What can the early Internet classic, the Cluetrain Manifesto tell us about creating customer connections in today’s the social web? Evidently, alot.
“The industrial interruption of the human conversation — is coming to an end. On the Internet, markets are getting more connected and more powerfully vocal every day. These markets want to talk, just as they did for the thousands of years that passed before market became a verb with us as its object.”
Old Wine, Old Bottles
As poignant today as it was back in 1999, this encapsulating quote from the great Internet treatise, the Cluetrain Manifesto serves to restate the principles, promise and perils of the Web. And yet, more than a decade on, in a world immersed in social media, companies continue to be hesitant to harness the enormous potential that lies literally right under their noses. A good indication of the preferred mode of engagement comes from annual advertising spending. Of the $154 billion spent on advertising in the US, 80% of it goes to traditional, one-way channels of TV, radio and print, the remaining 20% to the Internet according to eMarketer. It’s no wonder that over a decade since the keen observations of the Cluetrain, companies continue to lag behind consumers and the markets they occupy, remaining literally clueless. Certainly the limits are no longer technological. With nearly one billion active users on Facebook world-wide, and some 250 million tweets per day, consumers have never been so accessible. Still, businesses struggle to fully join the conversation and engage their customers one-to-one.
“Ever since the Web showed up, business-as-usual has desperately tried to pipe-weld it onto the back end of TV’s history. But it won’t work on the Web, because networked markets aren’t passive spectators waiting to receive the next marketing message.”
Customers don’t go online to be marketed to. But that doesn’t mean that they would desire a commercial-free web. They’re there to engage with their extended social networks and indeed, that includes the companies and brands they are interested in. Yet strangely, many companies seem to prefer to continue to push and pop advertising in the old fashioned way. Is it any wonder that they many continue to debate the value of Facebook and find themselves pushed ever further to the periphery of web sites? Thank goodness our screens are getting wider! But even if marketing and advertising agencies continue to council traditional channels and strategies, new modes of customer engagement are happening at the very center of the action online.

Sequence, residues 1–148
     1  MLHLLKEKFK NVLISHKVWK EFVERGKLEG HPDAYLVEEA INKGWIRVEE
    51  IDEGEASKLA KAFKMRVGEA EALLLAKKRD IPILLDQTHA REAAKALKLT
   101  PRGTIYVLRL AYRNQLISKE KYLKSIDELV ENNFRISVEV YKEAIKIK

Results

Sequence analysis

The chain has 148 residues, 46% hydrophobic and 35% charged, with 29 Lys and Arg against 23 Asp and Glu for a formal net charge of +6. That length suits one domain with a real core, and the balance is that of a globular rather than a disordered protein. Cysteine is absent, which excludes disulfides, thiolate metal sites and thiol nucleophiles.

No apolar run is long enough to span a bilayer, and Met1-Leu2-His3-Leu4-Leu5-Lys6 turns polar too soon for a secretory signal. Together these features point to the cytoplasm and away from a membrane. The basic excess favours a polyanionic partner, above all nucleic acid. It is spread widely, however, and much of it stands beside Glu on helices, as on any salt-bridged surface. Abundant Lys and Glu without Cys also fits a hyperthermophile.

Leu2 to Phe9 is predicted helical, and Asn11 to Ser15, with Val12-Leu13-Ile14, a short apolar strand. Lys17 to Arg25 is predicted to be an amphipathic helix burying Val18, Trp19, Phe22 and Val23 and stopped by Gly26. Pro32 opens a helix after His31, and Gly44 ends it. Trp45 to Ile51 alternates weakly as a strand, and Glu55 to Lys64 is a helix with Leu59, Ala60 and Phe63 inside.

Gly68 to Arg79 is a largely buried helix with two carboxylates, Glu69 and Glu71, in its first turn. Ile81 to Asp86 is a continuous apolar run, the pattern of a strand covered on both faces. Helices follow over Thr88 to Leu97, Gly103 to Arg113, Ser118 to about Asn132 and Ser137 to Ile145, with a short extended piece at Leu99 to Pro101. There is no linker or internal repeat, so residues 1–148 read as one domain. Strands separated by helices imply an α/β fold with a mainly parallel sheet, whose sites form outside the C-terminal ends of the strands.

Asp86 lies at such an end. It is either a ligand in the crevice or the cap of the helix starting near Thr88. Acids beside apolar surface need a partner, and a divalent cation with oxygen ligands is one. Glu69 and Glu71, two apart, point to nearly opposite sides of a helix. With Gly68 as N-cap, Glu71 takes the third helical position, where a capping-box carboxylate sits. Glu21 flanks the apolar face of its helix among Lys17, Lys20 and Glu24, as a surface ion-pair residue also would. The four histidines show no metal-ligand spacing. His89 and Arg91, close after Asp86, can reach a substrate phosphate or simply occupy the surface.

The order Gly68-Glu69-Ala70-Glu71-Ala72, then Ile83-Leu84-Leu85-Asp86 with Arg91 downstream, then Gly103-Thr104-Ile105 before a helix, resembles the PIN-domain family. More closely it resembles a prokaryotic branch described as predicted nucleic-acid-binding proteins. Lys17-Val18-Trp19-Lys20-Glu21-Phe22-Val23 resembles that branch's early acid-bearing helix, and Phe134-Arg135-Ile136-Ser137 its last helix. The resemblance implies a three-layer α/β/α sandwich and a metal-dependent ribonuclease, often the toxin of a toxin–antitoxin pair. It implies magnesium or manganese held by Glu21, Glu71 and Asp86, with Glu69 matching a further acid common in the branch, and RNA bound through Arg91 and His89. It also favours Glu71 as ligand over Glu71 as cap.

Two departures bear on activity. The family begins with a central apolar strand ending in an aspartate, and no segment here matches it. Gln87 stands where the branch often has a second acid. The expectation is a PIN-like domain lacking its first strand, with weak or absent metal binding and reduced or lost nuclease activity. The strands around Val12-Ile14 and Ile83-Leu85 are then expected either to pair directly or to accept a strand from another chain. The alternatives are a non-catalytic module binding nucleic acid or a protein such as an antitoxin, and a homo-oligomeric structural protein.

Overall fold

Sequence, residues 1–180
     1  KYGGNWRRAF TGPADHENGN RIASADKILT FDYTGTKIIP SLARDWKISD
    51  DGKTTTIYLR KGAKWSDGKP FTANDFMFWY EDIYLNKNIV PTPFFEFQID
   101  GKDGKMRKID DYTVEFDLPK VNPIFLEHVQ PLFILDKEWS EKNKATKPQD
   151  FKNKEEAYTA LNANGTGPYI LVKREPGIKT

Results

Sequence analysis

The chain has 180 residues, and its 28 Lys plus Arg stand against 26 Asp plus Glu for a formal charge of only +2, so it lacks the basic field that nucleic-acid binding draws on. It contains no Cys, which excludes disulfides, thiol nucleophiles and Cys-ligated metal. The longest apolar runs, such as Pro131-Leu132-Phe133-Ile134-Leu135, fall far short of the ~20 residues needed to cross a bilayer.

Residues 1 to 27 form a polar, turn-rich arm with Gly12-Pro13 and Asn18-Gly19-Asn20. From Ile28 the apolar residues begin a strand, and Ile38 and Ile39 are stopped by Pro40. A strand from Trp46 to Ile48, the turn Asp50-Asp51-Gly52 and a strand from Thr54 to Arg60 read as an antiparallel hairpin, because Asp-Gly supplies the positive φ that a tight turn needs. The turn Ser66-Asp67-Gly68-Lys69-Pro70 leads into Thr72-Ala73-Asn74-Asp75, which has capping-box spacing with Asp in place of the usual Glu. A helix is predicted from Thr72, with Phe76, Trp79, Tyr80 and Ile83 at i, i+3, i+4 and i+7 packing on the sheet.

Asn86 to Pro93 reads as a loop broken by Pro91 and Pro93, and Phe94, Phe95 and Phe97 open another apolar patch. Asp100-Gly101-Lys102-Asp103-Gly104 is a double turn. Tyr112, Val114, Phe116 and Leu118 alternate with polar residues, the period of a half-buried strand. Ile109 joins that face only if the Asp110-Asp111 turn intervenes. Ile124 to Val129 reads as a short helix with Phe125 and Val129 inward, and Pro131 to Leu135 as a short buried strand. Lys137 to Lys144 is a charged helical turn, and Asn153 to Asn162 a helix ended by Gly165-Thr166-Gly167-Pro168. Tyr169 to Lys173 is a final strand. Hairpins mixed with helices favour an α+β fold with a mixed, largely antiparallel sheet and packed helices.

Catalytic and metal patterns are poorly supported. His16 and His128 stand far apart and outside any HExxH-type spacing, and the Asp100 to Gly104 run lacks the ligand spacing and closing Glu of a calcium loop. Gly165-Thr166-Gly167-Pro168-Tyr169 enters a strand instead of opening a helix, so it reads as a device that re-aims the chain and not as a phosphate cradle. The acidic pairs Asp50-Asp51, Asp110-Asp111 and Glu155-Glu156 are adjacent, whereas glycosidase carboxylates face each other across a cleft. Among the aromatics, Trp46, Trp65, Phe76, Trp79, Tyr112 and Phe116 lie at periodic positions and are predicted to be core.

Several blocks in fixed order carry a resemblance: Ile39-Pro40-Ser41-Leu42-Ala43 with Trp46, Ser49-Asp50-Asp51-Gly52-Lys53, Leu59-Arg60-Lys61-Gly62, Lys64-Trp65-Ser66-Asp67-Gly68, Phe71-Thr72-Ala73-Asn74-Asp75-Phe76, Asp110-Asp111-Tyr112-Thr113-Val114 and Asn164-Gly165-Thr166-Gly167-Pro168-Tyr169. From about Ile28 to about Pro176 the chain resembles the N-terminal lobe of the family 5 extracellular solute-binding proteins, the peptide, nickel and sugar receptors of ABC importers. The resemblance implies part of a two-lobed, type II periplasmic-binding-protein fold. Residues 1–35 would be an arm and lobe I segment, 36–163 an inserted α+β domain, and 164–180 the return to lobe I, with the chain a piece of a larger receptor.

As anyone who does even a moderate amount of surfing can attest, people love to talk about the products and services they use. Good or bad, these dialogues are golden. Less so to marketers who are abstracted from from the process of creating products and user experience, but rather to the people who innovate, design, manage and support them. Today it is difficult to find a Product Management blog online that isn’t talking about capturing and managing customer feedback. There are more than a few companies providing these kinds of social media aggregation tools. But the real magic comes in the ability to integrate these gems directly into the requirement scoring process and ultimately the product roadmaps that mark the way to the next killer release.
In the process of integrating tools like OneDesk, it’s the product managers who may be the first in the enterprise to harness the Internet in the manner envisioned in the Cluetrain, to turn the social web into a lively marketplace which listens and reacts and knows its customer they way they want to be known.
“If you want to hear the sound of the new marketing, listen to these conversations coming from inside, outside, over, and above even the hardest-shelled companies that still think marketing means lobbing messages into crowds. Here is the same sound our ancestors heard in those ancient marketplaces, where people spoke for themselves about what mattered to them.”